When Jackie Stewart retired in 1973 he had won 27 Grand Prix and collected three world championship titles.
‘The Flying Scotsman’ returned to Cannes last week to promote the re-release of Roman Polanski’s epic documentary about him, first released 30 years ago.
Stewart explained how the film was born out of his close, personal friendship with Polanski and his wife, Sharon Tate.
“Roman and I were friends so we were hanging out together. I knew him very well and Sharon his then wife, who sadly died. I knew them well. He came to some races with me and he came to some race tracks with me too, to drive with me and me with him. So he was a keen enthusiast and I think he got the idea nobody had ever done it before. No one had spent one weekend with one person going through their entire experience of all the different things you have to do. I think he is such a creative mind that he saw things like that when nobody else did at the time,” he says.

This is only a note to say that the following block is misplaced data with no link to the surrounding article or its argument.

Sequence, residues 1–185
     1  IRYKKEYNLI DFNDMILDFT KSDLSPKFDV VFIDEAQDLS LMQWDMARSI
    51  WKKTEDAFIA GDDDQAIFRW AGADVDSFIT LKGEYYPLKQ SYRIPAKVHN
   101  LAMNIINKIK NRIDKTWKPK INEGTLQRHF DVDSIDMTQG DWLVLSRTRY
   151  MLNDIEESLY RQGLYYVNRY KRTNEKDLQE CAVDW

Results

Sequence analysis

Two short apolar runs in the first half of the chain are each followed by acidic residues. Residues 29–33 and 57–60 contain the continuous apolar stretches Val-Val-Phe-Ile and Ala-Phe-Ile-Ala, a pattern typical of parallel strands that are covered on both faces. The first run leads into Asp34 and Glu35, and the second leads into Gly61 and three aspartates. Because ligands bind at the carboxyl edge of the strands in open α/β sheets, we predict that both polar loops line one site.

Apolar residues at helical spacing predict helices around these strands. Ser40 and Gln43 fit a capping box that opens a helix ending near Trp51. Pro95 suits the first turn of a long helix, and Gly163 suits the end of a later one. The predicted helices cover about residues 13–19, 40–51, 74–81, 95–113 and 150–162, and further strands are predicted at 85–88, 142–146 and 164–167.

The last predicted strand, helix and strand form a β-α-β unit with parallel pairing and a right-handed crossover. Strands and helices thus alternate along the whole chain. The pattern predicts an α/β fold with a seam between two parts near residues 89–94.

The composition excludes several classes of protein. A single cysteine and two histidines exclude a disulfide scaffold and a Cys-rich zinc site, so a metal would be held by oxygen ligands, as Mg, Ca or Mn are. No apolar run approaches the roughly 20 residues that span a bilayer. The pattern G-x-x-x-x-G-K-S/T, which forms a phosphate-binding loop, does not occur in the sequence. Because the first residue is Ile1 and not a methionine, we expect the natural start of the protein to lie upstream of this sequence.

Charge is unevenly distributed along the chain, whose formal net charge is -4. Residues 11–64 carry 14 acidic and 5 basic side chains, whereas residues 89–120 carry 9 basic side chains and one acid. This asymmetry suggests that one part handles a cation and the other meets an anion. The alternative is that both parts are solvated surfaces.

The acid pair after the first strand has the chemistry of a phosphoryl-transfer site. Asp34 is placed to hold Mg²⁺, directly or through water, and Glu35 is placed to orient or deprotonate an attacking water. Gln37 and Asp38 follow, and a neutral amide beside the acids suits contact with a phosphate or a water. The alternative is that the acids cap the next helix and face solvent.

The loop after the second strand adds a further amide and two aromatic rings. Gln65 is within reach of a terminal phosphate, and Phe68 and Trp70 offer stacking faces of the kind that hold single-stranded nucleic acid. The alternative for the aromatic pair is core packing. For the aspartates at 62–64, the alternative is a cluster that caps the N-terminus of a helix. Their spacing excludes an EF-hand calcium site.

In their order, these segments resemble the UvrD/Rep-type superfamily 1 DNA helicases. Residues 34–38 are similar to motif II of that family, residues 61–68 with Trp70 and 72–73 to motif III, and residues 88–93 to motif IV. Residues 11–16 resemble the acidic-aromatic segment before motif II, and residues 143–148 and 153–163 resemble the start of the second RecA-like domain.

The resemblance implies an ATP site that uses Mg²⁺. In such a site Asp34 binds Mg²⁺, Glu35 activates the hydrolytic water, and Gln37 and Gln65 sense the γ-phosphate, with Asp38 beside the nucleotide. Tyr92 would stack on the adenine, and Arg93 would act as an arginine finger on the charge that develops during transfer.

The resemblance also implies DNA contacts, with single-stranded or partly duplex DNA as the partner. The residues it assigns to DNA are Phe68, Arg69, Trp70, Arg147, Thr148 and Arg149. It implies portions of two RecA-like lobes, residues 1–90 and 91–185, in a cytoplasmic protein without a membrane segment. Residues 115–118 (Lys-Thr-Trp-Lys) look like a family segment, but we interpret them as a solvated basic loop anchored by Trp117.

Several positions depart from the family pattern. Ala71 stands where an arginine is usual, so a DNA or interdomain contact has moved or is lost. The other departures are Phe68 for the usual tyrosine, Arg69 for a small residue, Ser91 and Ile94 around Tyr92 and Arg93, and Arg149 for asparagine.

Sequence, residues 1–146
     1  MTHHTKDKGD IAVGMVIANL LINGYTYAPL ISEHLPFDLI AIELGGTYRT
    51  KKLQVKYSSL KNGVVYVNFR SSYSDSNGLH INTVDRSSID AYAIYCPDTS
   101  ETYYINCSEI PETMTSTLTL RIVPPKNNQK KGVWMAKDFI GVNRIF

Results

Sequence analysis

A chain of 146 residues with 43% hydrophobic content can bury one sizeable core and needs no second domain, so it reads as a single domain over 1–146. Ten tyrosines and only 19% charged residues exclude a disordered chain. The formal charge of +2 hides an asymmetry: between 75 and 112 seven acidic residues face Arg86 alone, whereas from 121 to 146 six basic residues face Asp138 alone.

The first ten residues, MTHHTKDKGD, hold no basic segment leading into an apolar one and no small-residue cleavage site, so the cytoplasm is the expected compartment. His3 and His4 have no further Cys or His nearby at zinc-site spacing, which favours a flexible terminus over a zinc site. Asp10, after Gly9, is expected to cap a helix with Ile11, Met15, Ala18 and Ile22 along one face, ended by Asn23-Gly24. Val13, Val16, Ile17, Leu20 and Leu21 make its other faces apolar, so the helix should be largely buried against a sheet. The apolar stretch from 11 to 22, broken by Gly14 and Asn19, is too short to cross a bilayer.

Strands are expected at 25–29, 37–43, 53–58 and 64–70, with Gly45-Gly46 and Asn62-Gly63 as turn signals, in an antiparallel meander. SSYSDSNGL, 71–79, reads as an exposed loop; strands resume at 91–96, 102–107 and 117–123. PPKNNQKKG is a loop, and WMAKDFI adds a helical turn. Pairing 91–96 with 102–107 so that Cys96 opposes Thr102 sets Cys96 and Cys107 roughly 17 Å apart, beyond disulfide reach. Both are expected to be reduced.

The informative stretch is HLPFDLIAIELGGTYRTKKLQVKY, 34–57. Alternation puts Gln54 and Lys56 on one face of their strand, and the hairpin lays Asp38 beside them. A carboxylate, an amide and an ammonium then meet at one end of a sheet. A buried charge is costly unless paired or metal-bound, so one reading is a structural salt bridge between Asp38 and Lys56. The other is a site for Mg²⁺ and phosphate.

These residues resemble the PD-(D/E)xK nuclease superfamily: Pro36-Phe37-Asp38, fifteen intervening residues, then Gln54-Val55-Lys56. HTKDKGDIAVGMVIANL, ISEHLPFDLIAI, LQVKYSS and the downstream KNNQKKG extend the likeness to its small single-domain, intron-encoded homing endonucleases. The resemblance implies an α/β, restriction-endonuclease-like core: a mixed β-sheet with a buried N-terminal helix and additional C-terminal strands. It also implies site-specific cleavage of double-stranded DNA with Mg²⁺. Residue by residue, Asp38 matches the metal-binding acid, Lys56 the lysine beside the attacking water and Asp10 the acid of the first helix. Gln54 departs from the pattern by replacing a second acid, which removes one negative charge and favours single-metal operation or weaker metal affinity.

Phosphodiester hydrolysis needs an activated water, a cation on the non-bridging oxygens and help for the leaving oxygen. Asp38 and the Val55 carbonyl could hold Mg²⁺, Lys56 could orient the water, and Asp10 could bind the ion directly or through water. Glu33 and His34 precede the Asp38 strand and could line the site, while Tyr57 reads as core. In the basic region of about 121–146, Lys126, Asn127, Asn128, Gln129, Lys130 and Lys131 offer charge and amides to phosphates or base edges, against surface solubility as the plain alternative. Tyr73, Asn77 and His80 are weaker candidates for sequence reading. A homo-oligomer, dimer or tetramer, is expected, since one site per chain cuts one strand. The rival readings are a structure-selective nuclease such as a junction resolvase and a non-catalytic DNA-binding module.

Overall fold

The film gives an insight into Stewart’s life during one of the most deadly times in Formula One, when drivers such as Jim Clark, Piers Courage and Francois Cevert all died on the track.
Since retirement, Stewart has become a prominent and successful campaigner for increased safety measures, and has made a name for himself as an articulate and often colourful racing commentator.